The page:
Business Impact

24M’s Batteries Could Better Harness Wind and Solar Power

The startup’s cheaper way to make lithium-ion batteries could make it cost-effective to store energy from renewable sources.

24M uses these batteries, which are packaged in laminated aluminum, as R&D prototypes.

Lithium-ion batteries power everything from smartphones to electric vehicles. They’re well suited to the job because they are smaller and lighter, charge faster, and last longer than other batteries. But they are also complex and thus costly to make, which has stymied mass adoption of electric transportation and large-scale energy storage.

Yet-Ming Chiang thinks his startup 24M has the answer. The key is a semisolid electrode. In a conventional lithium--ion battery, many thin layers of electrodes are stacked or rolled together to produce a cell. “Lithium-ion batteries are the only product I know of besides baklava where you stack so many thin layers to build up volume,” says Chiang, who is a cofounder and chief scientist at 24M as well as a professor of materials science at MIT. “Our goal is to make a lithium-ion battery through the simplest process possible.”

Chiang’s innovation, which was developed in his MIT lab, is an electrode formed by mixing powders with a liquid electrolyte to make a gooey slurry. The design enables 24M to increase the amount of energy-storing material in a battery and give it 15 to 25 percent more capacity than conventional lithium-ion batteries of the same size.

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The new design is also faster and cheaper to make. Typical large factories for making lithium-ion batteries cost about $100 million to build, in part because specialized machines are needed to coat, dry, cut, and compress the electrode film. Since its semisolid electrode doesn’t require these steps, 24M says, its batteries could be produced in one-fifth the time and in much smaller plants.

If its technology succeeds, 24M could be among the first companies to reduce the cost of lithium-ion battery cells to less than $100 per kilowatt-hour, from $200 to $250 today. That is the point at which electric cars could compete on cost with internal-combustion vehicles.

To hit that target by 2020, 24M must scale up from its existing pilot manufacturing line in Cambridge, Massachusetts, to high-volume fabrication. The company plans to build a factory in 2017, probably in partnership with a large industrial company, and launch its first product in early 2018. It hopes utilities will buy its batteries to store electricity from wind and solar farms and deliver power during peak-demand hours.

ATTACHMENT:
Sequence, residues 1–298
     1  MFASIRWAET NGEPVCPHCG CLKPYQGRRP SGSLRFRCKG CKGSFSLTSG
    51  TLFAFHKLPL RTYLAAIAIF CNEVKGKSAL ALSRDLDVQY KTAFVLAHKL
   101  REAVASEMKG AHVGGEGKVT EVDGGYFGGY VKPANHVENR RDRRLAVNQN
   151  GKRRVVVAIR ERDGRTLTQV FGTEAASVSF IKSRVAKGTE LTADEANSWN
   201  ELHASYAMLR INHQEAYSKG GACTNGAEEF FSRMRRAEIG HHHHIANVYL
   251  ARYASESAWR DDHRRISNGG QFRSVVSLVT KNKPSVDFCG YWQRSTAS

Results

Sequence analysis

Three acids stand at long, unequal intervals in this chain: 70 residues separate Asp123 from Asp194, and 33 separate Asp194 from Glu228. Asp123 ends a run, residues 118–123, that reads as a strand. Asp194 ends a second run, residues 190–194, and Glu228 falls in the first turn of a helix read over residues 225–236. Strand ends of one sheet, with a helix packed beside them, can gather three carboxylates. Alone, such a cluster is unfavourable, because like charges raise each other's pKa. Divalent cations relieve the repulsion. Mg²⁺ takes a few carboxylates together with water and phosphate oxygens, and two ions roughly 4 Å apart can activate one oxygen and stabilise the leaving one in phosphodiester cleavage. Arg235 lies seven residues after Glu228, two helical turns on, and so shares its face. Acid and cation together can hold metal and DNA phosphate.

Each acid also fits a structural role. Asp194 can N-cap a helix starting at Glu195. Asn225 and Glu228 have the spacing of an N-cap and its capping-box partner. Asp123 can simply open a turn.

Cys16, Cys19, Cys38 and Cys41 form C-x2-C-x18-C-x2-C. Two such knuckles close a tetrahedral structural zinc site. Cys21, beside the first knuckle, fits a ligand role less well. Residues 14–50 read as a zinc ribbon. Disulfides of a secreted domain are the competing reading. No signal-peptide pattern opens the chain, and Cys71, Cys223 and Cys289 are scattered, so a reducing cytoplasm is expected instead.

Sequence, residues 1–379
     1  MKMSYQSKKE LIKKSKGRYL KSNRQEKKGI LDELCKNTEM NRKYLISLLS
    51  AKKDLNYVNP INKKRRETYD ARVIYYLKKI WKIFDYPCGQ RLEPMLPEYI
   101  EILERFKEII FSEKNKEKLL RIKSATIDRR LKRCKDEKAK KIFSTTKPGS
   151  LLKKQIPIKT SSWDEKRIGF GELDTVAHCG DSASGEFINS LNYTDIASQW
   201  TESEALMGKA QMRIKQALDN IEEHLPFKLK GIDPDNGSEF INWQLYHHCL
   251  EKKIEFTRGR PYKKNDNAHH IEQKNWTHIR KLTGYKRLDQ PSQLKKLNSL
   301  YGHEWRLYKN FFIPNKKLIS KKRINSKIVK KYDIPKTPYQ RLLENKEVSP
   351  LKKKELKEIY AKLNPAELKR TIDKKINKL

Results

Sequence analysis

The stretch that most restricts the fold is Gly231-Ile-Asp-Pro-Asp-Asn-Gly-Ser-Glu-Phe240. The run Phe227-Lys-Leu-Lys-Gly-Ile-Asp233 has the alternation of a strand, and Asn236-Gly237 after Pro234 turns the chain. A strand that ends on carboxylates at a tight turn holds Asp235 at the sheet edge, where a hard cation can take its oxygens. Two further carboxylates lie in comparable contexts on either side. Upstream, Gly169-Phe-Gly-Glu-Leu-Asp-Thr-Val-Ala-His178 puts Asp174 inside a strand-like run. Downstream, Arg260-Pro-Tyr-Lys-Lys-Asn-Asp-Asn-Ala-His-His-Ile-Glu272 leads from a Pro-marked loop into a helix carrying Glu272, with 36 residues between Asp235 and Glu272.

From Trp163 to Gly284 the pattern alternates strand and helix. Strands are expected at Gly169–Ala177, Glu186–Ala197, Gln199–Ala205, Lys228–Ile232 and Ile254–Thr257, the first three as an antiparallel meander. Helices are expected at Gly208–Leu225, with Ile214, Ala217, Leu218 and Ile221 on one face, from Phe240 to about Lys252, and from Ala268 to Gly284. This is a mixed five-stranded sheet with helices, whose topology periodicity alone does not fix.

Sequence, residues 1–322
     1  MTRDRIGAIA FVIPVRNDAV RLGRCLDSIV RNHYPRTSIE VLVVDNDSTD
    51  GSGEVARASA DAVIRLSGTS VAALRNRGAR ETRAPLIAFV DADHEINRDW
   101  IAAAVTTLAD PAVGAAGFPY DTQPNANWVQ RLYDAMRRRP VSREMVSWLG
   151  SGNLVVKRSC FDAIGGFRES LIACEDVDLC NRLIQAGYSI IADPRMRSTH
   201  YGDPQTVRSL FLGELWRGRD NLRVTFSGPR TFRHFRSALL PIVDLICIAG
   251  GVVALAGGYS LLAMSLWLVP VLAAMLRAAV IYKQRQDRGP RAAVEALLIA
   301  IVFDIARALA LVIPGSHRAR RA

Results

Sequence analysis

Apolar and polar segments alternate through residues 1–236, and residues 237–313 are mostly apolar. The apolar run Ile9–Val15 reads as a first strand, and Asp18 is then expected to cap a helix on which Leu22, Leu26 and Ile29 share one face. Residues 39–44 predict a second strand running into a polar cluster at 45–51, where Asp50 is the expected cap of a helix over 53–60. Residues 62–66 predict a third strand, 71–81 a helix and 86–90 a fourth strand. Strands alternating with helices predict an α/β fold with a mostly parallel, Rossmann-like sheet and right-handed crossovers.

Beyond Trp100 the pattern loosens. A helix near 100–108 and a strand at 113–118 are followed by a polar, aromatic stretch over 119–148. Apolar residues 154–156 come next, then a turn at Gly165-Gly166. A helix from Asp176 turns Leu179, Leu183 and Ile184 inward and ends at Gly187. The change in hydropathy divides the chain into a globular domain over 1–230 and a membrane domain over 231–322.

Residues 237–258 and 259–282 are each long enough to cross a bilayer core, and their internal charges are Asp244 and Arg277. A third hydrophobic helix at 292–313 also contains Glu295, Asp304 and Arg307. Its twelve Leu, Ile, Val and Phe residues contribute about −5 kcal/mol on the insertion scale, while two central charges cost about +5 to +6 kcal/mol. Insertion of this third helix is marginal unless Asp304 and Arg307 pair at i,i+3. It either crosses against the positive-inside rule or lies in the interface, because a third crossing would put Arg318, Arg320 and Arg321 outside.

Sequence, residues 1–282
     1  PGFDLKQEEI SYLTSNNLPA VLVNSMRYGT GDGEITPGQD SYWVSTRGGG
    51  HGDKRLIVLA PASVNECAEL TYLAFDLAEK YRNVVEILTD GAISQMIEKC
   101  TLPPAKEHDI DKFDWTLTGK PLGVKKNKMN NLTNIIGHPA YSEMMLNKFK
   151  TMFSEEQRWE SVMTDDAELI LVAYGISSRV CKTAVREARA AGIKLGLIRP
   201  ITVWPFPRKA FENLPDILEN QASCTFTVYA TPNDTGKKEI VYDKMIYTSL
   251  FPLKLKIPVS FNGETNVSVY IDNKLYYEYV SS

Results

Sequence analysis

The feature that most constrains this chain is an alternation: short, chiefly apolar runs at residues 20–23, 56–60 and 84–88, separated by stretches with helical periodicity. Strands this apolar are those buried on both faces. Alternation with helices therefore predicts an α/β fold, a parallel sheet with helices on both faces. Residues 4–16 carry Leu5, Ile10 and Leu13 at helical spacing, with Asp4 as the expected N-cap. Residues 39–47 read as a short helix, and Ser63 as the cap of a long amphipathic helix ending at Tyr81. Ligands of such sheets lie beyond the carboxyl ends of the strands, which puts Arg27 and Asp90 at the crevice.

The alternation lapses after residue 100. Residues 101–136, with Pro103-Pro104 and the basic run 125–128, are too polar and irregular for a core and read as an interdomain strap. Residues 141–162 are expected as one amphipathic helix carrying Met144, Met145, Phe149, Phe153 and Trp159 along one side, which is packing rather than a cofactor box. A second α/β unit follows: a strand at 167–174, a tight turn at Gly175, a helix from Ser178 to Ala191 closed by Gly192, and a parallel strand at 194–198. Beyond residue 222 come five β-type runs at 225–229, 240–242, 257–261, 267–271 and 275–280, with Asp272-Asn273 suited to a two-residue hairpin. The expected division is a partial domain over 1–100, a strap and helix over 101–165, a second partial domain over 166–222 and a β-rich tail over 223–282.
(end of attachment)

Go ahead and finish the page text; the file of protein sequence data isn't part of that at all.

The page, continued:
A technician analyzes the powder that will go into the slurry that will become the battery’s cathode. The process involves mixing powdered materials (lithium iron phosphate, graphite) with a proprietary liquid electrolyte.
The semisolid electrode has a dough-like consistency and can be deformed without failing or catching on fire. The company claims this high “abuse tolerance” makes its design the “safest lithium-ion battery ever made.”
This machine, developed in 2014 as part of 24M’s pilot manufacturing line, makes the battery’s anode and cathode separately, then combines them into one cell. The process takes less than two minutes.
First the machine dispenses pieces of foil. Next it applies slurry. Then the machine adds the battery’s separator—porous plastic that prevents electrical short circuits—and joins the anode with its cathode mate. This creates a unit cell, which contains everything the battery needs to operate but lacks its final packaging.
Unit cells are stacked to increase battery capacity. Technicians then weld the cells’ tabs together to create a “stack cell” and vacuum-seal it inside an aluminum pouch. Welding and packaging are two of the few processes that 24M has not automated on its pilot line.
Batteries wait before and after testing. It only takes a few hours to go from raw materials to batteries ready for testing, according to 24M. In a conventional lithium-ion factory that process would take about a week.

The company is also talking to electric--vehicle makers, but it considers EVs a secondary focus. It’s understandable that Chiang would tread carefully in that market. A123 Systems, a battery company he cofounded, filed for bankruptcy protection in 2012 after spending too much money building big battery plants to supply carmakers. In contrast, Chiang says, 24M’s manufacturing technologies are designed to be modular and more efficiently scaled up if necessary.